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Help to Grow targets post-pandemic profitability for SMEs

Author: ICAEW Insights

Published: 29 Nov 2021

A government-subsidised executive training course aimed at SMEs and delivered by business schools across the UK is hoping to help companies capitalise on the post-pandemic recovery and address the UK’s poor record on productivity.

The 12-week Help to Grow: Management course is aimed at those in leadership roles in SMEs and uses a mixture of face-to-face and online learning combined with mentoring and peer to peer networking opportunities. A similar course focusing on how digital technology can help SMEs will launch next month.

Anne Kiem OBE, Chief Executive of the Chartered Association of Business Schools and Executive Director of the Small Business Charter, told ICAEW Insights that the broad range of subject areas covered by the course would help those in leadership roles in SMEs to learn about resilience and strategies for growth. 

“The beauty of the programme is that it covers so many elements of running a business that there’s something for absolutely everyone: financials, marketing and how to train employees and deal with staff mental health during periods of uncertainty, sustainability and how to use new technology to best advantage,” Kiem said.

The course curriculum, which is identical across the country, has been devised by business school experts and will be delivered by members of the Chartered Association of Business Schools accredited to work with and support small businesses. Currently, 37 UK business schools deliver the programme and Keim said she anticipated that up to 60 business schools would be signed up over the next 12 months.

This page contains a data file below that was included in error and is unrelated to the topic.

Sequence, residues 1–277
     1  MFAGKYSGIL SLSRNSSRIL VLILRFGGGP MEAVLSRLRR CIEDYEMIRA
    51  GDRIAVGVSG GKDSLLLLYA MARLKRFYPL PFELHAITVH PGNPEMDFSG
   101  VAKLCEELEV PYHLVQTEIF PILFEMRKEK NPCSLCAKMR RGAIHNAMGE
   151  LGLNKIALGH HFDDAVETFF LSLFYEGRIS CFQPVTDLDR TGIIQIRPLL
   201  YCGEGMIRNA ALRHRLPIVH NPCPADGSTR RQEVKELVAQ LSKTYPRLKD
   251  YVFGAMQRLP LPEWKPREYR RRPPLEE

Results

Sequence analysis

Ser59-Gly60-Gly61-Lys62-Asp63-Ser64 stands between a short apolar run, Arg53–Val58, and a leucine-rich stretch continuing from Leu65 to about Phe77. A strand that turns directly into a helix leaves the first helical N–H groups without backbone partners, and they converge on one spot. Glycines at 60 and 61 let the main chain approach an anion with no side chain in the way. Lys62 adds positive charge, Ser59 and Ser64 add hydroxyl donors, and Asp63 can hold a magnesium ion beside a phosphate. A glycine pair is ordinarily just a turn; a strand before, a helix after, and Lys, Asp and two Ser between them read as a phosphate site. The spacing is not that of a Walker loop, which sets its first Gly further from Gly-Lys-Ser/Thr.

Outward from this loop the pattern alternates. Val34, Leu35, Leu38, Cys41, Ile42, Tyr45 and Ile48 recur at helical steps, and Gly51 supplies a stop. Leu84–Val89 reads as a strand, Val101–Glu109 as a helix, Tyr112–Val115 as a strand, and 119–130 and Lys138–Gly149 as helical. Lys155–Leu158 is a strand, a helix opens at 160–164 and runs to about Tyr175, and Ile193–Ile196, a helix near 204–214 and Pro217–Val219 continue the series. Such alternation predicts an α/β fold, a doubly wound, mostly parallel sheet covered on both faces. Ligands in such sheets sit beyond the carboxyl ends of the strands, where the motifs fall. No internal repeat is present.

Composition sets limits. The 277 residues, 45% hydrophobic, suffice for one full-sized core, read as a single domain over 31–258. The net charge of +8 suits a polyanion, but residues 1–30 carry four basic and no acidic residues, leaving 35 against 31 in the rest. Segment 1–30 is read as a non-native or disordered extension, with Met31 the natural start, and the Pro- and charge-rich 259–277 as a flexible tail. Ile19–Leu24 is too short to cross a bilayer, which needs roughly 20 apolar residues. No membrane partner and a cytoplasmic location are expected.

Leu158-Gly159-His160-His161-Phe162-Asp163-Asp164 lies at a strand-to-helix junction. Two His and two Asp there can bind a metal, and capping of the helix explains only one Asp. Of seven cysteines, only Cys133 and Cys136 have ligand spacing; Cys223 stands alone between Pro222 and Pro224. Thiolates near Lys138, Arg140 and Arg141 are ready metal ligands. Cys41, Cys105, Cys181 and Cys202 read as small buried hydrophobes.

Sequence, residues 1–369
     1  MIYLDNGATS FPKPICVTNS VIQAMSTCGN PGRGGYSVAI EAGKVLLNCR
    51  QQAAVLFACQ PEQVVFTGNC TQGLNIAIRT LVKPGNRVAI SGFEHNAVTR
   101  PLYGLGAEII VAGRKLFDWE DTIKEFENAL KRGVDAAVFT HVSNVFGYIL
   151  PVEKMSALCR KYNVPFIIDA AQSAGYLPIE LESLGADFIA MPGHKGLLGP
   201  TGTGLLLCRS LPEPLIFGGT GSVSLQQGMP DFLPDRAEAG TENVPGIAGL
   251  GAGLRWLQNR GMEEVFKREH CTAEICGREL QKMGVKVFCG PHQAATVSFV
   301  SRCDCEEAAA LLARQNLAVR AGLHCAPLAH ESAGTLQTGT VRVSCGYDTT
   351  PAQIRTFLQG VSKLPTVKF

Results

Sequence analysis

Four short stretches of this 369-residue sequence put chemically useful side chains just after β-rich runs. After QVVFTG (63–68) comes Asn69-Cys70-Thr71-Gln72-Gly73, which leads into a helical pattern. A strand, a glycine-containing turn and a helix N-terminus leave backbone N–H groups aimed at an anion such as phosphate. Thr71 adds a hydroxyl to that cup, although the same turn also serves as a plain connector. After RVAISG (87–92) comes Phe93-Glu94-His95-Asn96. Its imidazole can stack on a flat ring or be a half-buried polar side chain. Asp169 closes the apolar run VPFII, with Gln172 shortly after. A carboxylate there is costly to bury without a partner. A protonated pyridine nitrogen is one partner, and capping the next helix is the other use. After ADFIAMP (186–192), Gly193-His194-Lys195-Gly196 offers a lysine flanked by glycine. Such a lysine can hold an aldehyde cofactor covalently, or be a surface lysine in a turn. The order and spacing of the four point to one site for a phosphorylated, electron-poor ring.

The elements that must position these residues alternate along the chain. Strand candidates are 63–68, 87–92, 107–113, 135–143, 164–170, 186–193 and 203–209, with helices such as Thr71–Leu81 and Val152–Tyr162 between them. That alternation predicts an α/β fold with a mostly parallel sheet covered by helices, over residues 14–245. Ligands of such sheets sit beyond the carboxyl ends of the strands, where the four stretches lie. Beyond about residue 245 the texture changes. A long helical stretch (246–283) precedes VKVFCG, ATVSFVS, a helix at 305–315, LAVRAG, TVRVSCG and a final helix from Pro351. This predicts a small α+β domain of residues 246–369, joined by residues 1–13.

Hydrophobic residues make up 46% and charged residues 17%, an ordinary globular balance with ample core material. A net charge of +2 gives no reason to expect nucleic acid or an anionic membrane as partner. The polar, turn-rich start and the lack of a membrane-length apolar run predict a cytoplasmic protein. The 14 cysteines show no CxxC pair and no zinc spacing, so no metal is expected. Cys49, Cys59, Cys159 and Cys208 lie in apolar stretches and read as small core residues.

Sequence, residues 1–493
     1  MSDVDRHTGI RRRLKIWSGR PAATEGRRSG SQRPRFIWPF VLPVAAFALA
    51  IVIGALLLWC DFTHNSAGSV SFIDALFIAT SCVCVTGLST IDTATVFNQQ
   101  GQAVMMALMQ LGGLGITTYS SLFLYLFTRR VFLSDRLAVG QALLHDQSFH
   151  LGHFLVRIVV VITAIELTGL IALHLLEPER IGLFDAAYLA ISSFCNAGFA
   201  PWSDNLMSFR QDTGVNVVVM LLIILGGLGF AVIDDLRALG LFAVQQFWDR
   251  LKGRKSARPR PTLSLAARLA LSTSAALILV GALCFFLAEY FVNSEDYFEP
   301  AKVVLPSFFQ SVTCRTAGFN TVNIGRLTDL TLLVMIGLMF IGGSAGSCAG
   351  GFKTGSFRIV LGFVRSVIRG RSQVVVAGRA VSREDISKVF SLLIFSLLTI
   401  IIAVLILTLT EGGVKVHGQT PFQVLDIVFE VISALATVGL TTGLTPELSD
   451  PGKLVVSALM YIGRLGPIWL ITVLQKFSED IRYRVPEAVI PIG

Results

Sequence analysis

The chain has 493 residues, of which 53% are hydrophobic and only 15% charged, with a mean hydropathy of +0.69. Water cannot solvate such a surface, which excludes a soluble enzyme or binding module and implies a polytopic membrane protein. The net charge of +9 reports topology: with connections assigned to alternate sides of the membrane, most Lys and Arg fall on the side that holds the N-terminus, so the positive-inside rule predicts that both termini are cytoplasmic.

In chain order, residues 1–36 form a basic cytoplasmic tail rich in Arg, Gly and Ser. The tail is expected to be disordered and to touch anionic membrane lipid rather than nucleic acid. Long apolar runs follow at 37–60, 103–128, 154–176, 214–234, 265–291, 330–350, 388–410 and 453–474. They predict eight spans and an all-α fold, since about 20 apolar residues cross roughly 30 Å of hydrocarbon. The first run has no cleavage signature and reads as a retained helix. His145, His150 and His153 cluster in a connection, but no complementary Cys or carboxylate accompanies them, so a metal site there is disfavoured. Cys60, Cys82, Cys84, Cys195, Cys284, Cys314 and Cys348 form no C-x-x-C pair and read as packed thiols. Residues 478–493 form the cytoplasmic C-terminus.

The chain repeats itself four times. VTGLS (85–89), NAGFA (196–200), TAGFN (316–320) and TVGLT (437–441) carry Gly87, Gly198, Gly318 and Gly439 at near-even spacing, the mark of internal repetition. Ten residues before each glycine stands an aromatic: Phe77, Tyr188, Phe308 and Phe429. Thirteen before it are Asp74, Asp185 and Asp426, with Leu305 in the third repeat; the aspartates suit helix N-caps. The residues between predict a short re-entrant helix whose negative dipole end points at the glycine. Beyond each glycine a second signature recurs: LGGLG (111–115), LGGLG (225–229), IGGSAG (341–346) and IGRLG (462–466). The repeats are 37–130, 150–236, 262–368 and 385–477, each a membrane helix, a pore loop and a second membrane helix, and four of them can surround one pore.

Kiem said the training was being offered following concerns in Westminster and beyond that productivity in business is lacking. “But talking to SMEs about productivity is meaningless. They want to know how to grow their business and make it more profitable. There is also a recognition that SMEs are the engine of our economy. In the past, some lip service may have been paid to that but now it’s recognised that they have to do well for the economy to thrive.”

Eligible businesses for the Help to Grow: Management scheme must have between 5 and 249 employees, they must have been in operation for at least a year and the person taking the course must be a senior leader or decision maker with line responsibility for staff. Charities are not eligible.

On top of online and face-to-face learning sessions, participants receive 10 hours of one-to-one mentoring and networking opportunities. “Managing and running a small business is pretty lonely but if you’ve got 25 other people who you now know quite well who you can sound out for advice, that’s very valuable,” Kiem said. The total cost to delegates of the course, which is 90% funded by the government, is £750. The scheme will be capped at 30,000 delegates over three years.

Kiem said the fact that the programme was delivered in short bursts would make it easier for SMEs to participate alongside a full time job. “The critical thing here is that this is about your business and it gives you an opportunity to step back and think strategically.”

Kiem says anecdotal evidence from participants on the course’ s predecessor, The Small Business Leadership programme, which ran until May this year, was encouraging, with many saying they would make changes to their business as a result of the programme. However, it was too early to say whether that programme had had a positive impact on profitability or customer numbers. 

Accountants who have worked in or with small businesses in the past and who are interested in volunteering as mentors to the scheme should head to the government’s Help to Grow Scheme site. “We know lots of small businesses trust their accountants for business advice and this programme can support accountants to support their SME clients.”

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